Woman may lose NASA internship after tweeting ‘suck my d*ck and balls’ to NASA council member

An internship at NASA is a highly coveted opportunity for students interested in a career as a scientist or aerospace engineer.

So when a woman found out that she was offered an internship at the government agency responsible for missions like the Curiosity Mars rover, she understandably got very excited and announced the news in a tweet. Nothing out of the ordinary for 2018, right? There’s just one issue: she tweeted about her internship using an expletive.

In the now-deleted tweet, a woman who goes by Naomi H on Twitter wrote, “EVERYONE SHUT THE FUCK UP I GOT ACCEPTED FOR A NASA INTERNSHIP,” NBC reported.

Homer Hickam, a former NASA engineer and a member of the National Space Council User Advisory Group, saw the tweet and replied “Language.” Naomi, likely unaware of who Hickam was, told him to “Suck my d**** and balls.”

Hickam is also the author of Rocket Boys, the book that became the film October Sky.

Multiple news outlets, including NBC, reported that Naomi lost the internship following this tweet exchange. Apparently, the tweets were brought to NASA’s attention after Naomi’s friends used a #NASA hashtag. Hickam gave more details about the incident in a blog post on Tuesday night:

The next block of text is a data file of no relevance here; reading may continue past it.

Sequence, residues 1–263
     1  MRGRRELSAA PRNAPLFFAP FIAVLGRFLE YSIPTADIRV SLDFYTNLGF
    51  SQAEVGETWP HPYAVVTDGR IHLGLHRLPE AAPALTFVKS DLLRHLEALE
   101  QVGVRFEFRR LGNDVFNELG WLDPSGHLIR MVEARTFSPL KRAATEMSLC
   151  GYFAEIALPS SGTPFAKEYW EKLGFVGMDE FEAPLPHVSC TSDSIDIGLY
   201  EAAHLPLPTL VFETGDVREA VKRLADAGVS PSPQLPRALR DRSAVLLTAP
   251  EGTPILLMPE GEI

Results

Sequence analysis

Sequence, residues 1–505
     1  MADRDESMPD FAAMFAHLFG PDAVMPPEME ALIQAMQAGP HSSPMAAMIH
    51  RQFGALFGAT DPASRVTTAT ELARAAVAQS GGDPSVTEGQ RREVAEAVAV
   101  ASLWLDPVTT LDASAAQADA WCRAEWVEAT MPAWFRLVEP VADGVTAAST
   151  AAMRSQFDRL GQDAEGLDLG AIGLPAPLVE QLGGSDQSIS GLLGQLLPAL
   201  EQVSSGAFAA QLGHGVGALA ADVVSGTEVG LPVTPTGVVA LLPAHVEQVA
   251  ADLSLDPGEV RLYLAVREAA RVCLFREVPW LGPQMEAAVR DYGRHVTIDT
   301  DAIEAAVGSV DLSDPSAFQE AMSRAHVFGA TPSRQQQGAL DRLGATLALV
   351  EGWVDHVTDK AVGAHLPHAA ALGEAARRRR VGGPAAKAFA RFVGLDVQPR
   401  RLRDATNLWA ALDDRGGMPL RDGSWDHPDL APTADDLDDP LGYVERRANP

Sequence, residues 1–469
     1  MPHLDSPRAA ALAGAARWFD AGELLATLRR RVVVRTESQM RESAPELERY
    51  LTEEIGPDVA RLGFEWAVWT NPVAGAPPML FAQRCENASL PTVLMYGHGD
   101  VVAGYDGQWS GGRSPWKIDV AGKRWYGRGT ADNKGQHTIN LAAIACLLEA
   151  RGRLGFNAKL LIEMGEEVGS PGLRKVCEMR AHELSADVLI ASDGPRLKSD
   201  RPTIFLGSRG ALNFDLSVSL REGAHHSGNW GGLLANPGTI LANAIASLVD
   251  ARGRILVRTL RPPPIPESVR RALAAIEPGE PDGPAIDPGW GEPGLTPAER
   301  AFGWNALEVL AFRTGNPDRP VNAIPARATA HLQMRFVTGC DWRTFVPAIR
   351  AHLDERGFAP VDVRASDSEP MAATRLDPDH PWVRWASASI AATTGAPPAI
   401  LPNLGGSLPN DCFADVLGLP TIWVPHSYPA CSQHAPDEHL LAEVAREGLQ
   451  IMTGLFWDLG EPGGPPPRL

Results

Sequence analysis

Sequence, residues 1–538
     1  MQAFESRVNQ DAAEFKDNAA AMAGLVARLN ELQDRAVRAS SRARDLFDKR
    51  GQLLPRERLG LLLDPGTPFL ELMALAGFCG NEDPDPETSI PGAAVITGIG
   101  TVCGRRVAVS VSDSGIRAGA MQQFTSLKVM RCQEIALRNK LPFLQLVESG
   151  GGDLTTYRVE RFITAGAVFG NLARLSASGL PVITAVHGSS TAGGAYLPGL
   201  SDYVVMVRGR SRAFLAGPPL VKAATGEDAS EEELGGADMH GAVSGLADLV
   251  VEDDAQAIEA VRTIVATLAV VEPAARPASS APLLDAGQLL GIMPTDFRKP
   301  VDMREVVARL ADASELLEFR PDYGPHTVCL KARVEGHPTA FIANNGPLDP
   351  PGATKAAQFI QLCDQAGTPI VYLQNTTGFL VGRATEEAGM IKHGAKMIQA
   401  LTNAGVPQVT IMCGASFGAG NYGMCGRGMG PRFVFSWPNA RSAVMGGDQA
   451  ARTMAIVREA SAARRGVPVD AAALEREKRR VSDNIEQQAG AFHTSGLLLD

Recently, it was called to my attention on Twitter that someone was being hired by NASA and that they were using the F-word in a tweet about it.

I’m a Vietnam vet and not at all offended by the F-word. However, when I saw NASA and the word used together, it occurred to me that this young person might get in trouble if NASA saw it so I tweeted to her one word: “Language” and intended to leave it at that.

Soon, her friends took umbrage and said a lot of unkind things but long after I was gone as I immediately deleted my comments and blocked all concerned.

Later, I learned she had lost her offer for an internship with NASA. This I had nothing to do with nor could I since I do not hire and fire at the agency or have any say on employment whatsoever.

As it turned out, it was due to the NASA hashtag her friends used that called the agency’s attention to it long after my comments were gone.

He said that Naomi reached out to him to “unnecessary” apologize for the tweets. Hickam went on to say that she “deserves a position in the aerospace industry” and that he is doing what he can to secure her a new spot. “They have told me she may reapply,” he concluded in his blog post.

Usually, people who lose jobs from a social media post do not get that job (or, in this case, an internship) back. But this case may be a rare exception.

As for Naomi, she has made her Twitter account private. Unfortunately, she’s received a lot of harassment and criticism on Twitter following the tweets.

Update 8:40 am CT, Aug. 24: A NASA spokesperson declined to comment on the matter, citing privacy laws. Hickam has deleted his blog post, as well as his Twitter account. The Daily Dot has reached out to him for a comment, and we’ll update this story when we hear back.

Tiffany Kelly

Tiffany Kelly

Tiffany Kelly is the Unclick editor at Daily Dot. Previously, she worked at Ars Technica and Wired. Her writing has appeared in several other print and online publications, including the Los Angeles Times, Popular Mechanics, and GQ.